A gorgeous panoramic sunroof is optional in the Multivan; kids (or adults) in the backseats get a pretty sweet view and tons of light.

Of course, the hybrid option is one of the major innovations. In electric only mode, the range is pretty limited (just 48 km), maximum speed is 140 km/h and there’s no rapid charging. But it’s certainly an option for shorter, everyday trips around town.

What Drivers Have to Say

It drives like a dream. It has the light handling and tight turning you expect in a car, while having all the features you want from a van. Of course, it’s a little clunkier than a car, but overall it feels car-like. People who’ve driven both the Caravelle and the Multivan generally prefer the Multivan.

Some people aren’t crazy about the extent of the touchscreen takeover. Even climate control is fully integrated into the touchscreen, which some people have a hard time getting used to. But this isn’t exclusive to the Multivan, and it’s probably something that will be the norm from now on.

The ride is quiet and comfortable — again, as car-like as possible, while still being a ‘real’ van.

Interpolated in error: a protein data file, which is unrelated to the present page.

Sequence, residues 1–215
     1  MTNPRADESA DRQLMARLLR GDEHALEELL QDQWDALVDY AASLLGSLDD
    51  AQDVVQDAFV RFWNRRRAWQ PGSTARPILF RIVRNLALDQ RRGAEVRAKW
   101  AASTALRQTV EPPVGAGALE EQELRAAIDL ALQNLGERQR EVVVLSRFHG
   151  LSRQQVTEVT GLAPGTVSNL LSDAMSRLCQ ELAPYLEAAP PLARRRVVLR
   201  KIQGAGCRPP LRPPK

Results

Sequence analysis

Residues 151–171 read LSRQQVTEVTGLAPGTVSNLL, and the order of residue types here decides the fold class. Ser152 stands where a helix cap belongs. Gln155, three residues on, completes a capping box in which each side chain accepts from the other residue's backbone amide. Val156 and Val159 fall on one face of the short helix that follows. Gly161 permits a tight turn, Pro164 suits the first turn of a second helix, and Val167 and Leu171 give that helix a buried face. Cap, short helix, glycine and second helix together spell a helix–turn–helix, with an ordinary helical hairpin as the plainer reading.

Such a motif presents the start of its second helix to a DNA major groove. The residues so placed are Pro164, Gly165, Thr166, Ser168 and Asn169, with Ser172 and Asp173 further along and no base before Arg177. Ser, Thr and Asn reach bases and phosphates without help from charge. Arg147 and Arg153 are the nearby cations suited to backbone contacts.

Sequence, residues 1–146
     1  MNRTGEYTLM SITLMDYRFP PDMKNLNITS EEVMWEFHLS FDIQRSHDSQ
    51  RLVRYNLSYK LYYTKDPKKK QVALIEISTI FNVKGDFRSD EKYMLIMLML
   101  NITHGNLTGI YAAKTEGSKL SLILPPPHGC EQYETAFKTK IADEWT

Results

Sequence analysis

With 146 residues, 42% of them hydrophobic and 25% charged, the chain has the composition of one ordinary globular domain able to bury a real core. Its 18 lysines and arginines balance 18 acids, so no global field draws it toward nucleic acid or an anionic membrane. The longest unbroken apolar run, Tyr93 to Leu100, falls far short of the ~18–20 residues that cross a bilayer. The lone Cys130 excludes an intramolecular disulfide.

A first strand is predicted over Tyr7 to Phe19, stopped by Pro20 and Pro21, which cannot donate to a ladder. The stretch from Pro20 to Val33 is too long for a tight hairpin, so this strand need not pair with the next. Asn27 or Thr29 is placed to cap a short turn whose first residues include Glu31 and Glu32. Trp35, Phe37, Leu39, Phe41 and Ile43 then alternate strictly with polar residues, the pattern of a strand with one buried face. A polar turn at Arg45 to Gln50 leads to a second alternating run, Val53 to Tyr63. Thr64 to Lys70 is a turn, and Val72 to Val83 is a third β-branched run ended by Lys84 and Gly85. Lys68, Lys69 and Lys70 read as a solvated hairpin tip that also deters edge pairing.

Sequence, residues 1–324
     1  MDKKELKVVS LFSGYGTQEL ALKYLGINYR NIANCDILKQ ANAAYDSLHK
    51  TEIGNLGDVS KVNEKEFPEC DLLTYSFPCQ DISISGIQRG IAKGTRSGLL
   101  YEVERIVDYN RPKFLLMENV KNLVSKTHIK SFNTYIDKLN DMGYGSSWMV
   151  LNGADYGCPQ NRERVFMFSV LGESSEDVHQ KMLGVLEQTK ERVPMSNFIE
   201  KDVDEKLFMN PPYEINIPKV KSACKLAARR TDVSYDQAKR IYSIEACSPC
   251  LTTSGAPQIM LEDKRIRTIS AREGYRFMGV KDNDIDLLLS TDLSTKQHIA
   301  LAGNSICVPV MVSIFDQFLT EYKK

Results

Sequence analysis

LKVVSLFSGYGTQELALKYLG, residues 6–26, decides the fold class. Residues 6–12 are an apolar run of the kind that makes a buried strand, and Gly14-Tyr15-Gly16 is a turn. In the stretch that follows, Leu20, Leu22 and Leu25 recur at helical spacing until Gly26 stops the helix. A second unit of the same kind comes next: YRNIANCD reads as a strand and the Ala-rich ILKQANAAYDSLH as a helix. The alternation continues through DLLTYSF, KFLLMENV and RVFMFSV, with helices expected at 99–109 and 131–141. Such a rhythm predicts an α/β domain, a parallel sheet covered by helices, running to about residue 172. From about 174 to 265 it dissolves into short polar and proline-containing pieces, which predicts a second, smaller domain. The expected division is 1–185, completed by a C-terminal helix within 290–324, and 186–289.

Campervan Potential

Like many of VW’s vans, campervan conversion potential for the Multivan is high, and it’s becoming a popular rental for that purpose. For some reason, the rumoured California camper version of the Multivan (which would have featured a pop-top roof) appears to be cancelled. But the Czech company ‘Visu’ already has a campervan conversion kit tailor-made for the existing VW T7 Multivan, featuring a bed, table/dining area, pull-out kitchen, and ample storage. Of course, enthusiasts and DIYers have done their own mods, and some of them are pretty impressive.


You’re in (or going to be in) the UK, and you’re looking to rent a small – midsize people carrier ? The VW Multivan is one you definitely should consider. If you’re specifically interested in a T7 hybrid, even more so.
The new 2023 VW Amarok

Leave a Comment

Your email address will not be published. Required fields are marked *

Scroll to Top